Millennial migration favors San Jose despite cost of living, says census

The Bay Area is getting more mixed messages on the seemingly perennial question of if and how quickly residents are fleeing the region and the state.

The finance company Smart Asset released a report Friday claiming that San Jose is one of the most popular destinations for millennials on the move despite its high cost of living.

Smart Asset economist Derek Miller sorted through U.S. Census data to figure out which U.S. cities got the greatest inflow—i.e., the margin of new residents relocating to a city over the number of those moving away—with the ever-topical millennial demographic, here defined as anyone between the ages of 20 and 34 in 2016.

Suffice to say, San Francisco did not acquit itself well with the trend, despite previous census analyses revealing that the city’s median age is gradually getting younger with each passing year. Instead, millennial movers reportedly favored San Jose, which came in seventh place on Miller’s list, the only California city to break the top ten.

 

 

Read more on Curbed SF

 

 

Modular units make their debut at Oakland housing project

Modular units are being installed at Coliseum Connections in Oakland.

The $53M project, developed by a JV of UrbanCore and Oakland Economic Development Corp., will create 110 mixed-income units on a 1.3-acre Bay Area Rapid Transit-owned parking lot ground-leased to the JV.

The modular units were built by Guerdon Enterprises out of Boise, Idaho. Completion of the modular unit placement is expected on June 29. The project is expected to be completed in January when occupancy also is expected to begin.

Coliseum Connections is one of a handful of modular projects in the works or being planned in Oakland. Panoramic Interests plans to build over 1,000 units in West Oakland next to BART, and RAD Urban is planning two high-rises from steel modular units.

The project at Snell Street and 71st Avenue will have 55 market-rate units with rents ranging from $1,900 to $2,400 for households earning 80% to 120% of the area median income; the other 55 units will be affordable with rents from $1,100 to $1,600 for households earning 50% to 60% of the area median income.

 

Read more on Bisnow

 

 

After two projects sank, can San Francisco find developers for decaying waterfront?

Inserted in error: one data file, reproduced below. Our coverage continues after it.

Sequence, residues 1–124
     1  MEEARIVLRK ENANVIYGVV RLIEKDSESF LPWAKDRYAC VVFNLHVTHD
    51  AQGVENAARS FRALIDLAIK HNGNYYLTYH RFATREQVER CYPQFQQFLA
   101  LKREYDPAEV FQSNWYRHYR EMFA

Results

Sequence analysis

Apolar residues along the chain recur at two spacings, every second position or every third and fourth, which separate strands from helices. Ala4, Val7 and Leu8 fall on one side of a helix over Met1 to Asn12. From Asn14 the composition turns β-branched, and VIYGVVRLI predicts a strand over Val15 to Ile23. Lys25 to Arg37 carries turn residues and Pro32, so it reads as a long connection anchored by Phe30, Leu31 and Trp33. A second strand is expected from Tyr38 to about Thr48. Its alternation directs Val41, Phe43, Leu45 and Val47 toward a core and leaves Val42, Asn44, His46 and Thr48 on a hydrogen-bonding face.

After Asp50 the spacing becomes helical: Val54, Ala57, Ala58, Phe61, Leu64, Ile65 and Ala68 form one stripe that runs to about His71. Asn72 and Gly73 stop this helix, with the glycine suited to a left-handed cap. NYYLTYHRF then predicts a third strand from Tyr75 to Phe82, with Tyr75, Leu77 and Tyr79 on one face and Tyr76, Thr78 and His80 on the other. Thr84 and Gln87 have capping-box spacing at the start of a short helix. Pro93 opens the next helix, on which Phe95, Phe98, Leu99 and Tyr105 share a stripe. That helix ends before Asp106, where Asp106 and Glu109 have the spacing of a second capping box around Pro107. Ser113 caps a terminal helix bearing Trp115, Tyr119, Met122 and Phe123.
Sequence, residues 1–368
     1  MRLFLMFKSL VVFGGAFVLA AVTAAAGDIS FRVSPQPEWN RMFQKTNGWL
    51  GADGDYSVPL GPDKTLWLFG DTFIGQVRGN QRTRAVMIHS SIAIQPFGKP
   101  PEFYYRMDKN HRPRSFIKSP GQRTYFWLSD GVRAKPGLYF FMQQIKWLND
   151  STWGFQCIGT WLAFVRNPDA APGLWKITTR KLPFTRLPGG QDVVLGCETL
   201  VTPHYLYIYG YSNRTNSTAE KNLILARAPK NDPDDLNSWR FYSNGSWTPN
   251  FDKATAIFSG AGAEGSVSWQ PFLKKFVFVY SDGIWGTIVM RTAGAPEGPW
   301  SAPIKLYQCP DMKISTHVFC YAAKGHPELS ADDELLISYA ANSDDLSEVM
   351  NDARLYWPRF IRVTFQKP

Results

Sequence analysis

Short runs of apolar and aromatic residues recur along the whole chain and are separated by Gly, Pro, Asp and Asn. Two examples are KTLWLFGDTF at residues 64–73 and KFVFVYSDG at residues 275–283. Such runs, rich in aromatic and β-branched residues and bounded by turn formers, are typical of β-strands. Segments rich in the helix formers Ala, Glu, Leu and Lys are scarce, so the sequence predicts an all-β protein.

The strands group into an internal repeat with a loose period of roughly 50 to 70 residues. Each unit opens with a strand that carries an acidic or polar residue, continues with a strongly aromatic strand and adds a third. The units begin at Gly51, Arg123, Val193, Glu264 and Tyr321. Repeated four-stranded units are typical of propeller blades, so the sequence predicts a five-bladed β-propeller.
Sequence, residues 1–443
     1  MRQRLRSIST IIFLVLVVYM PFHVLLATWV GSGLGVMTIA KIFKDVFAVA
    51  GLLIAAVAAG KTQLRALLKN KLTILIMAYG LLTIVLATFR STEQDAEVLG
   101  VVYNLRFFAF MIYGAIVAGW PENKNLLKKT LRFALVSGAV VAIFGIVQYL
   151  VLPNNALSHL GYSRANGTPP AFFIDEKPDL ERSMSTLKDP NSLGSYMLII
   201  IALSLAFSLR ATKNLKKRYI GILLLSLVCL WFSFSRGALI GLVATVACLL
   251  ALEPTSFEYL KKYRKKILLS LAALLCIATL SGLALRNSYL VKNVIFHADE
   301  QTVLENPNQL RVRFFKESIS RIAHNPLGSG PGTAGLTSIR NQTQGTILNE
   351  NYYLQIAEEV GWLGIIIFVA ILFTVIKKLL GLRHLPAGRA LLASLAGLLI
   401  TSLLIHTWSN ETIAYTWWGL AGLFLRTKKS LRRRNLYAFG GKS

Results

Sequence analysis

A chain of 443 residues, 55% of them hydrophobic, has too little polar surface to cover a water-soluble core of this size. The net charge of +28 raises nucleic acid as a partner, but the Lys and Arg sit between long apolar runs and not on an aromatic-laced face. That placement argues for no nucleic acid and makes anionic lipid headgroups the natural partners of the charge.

The new effort is one of the largest but also potentially costliest redevelopment opportunities in the city.

The Port of San Francisco is seeking ideas for new uses at 13 historic waterfront piers, in one of the largest but also potentially one of the costliest redevelopment opportunities in the city.

The agency wants proposals from both large developers and smaller tenants such as nonprofits, arts groups and retailers to revive the piers, which are now vacant or used for parking or storage.

Some previously renovated piers have been financial successes. Waterfront offices at the Ferry Building and Piers 1 1/2, 3 and 5 have signed tenants for rents over $100 per square foot. Control of the Piers later sold for $103 million in 2016, and the Ferry Building is expected to be sold to Hudson Pacific Properties for around $300 million, according to sources tracking the market.

But two recent redevelopment efforts failed because of the high costs of rehabilitating and seismically protecting piers. A study for the Port found that $74 million to $10 million would be required to bring a single pier up to code. Last year TMG Partners and Premier Structures, Inc. exited an office, event and restaurant space proposal at Pier 38 after the cost to repair the pier was expected to be as high as $122 million.

 

 

 

Read more on San Francisco Business Times

 

 

 

China Trade War Threat May Have Died Down, But CRE Is Still On the Front Lines

Chinese presence in U.S. commercial real estate seems to be waning, trade war or no trade war.

The fate of the off-again, on-again specter of an impending U.S.-China trade war may be uncertain, but regardless of what happens with tariffs and exports, the U.S. commercial real estate industry continues to feel the effect of both China’s cold shoulder and the stricter U.S. regulatory environment surrounding foreign investment.

Chinese companies and financial institutions were active in U.S. commercial real estate in recent years, both on the equity side and the debt side, but their presence seems to be waning, trade war or no trade war.

In New York City alone, Bank of China was involved with originating about $5 billion in loans for prominent commercial properties in 2013 and 2014. Bank of China has been party to loans of more than half a billion dollars each for trophy properties in the Big Apple, including the Sony Building at 550 Madison Ave. (originated in 2013), the One Astor Plaza headquarters of Viacom and its MTV studio (2012) and the 63 Madison Ave. home of tenants such as IBM (2015).

Other big Chinese players in the U.S. real estate market over the past few years have included the Industrial and Commercial Bank of China, which financed New York properties including the Bush Tower at 130 W. 42nd St. (2015), and Anbang Insurance Group, one of China’s largest insurance groups.

 

 

Read more on National Real Estate Investor